Fenestral diaphragms and PLVAP associations in liver sinusoidal endothelial cells are developmentally regulated
Research output: Contribution to journal › Article › peer-review
Colleges, School and Institutes
Endothelial cells contain several nanoscale domains such as caveolae, fenestrations and transendothelial channels, which regulate signaling and transendothelial permeability. These structures can be covered by filter-like diaphragms. A transmembrane PLVAP (plasmalemma vesicle associated protein) protein has been shown to be necessary for the formation of diaphragms. The expression, subcellular localization and fenestra-forming role of PLVAP in liver sinusoidal endothelial cells (LSEC) have remained controversial. Here we show that fenestrations in LSEC contain PLVAP-diaphragms during the fetal angiogenesis, but they lose the diaphragms at birth. Although it is thought that PLVAP only localizes to diaphragms, we found luminal localization of PLVAP in adult LSEC using several imaging techniques. Plvap-deficient mice revealed that the absence of PLVAP and diaphragms did not affect the morphology, the number of fenestrations or the overall vascular architecture in the liver sinusoids. Nevertheless, PLVAP in fetal LSEC (fenestrations with diaphragms) associated with LYVE-1 (lymphatic vessel endothelial hyaluronan receptor 1), neuropilin-1 and VEGFR2 (vascular endothelial growth factor receptor 2), whereas in the adult LSEC (fenestrations without diaphragms) these complexes disappeared. Collectively, our data show that PLVAP can be expressed on endothelial cells without diaphragms, contradict the prevailing concept that biogenesis of fenestrae would be PLVAP-dependent, and reveal previously unknown PLVAP-dependent molecular complexes in LSEC during angiogenesis.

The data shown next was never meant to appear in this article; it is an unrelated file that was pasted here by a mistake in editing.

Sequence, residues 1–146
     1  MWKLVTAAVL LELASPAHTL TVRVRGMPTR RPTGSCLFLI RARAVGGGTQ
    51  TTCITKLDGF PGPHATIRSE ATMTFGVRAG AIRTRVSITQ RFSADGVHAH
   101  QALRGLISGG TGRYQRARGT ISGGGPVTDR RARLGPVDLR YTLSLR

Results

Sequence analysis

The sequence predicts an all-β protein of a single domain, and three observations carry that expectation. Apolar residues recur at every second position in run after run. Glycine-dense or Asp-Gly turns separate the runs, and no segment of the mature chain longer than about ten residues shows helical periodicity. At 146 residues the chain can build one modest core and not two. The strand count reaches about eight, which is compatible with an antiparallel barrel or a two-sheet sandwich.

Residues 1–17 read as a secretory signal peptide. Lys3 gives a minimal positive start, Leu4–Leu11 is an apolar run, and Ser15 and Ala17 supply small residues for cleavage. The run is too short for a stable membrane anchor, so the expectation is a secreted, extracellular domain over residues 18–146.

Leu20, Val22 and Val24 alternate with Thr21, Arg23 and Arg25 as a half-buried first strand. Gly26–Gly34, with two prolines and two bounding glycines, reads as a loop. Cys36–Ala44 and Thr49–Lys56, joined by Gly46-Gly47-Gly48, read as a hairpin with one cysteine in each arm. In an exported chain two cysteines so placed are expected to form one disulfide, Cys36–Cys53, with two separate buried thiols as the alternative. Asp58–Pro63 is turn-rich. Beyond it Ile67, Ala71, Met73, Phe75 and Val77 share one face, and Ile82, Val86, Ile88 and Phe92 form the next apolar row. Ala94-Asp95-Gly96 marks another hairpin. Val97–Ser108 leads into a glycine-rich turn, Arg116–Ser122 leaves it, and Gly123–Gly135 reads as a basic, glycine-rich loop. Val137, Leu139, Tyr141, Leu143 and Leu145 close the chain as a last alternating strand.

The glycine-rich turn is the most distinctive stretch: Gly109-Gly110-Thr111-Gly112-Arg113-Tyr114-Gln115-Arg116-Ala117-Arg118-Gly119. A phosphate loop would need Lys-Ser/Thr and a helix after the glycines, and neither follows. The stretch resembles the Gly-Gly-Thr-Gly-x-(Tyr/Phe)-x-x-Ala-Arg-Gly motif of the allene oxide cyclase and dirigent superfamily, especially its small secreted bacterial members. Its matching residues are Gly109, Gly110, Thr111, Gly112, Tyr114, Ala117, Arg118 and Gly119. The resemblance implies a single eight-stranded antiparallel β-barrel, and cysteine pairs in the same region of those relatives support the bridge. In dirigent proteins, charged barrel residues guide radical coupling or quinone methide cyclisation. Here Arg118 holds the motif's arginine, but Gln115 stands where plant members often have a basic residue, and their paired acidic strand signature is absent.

|Number of pages||16|
|Publication status||Published - 30 Oct 2019|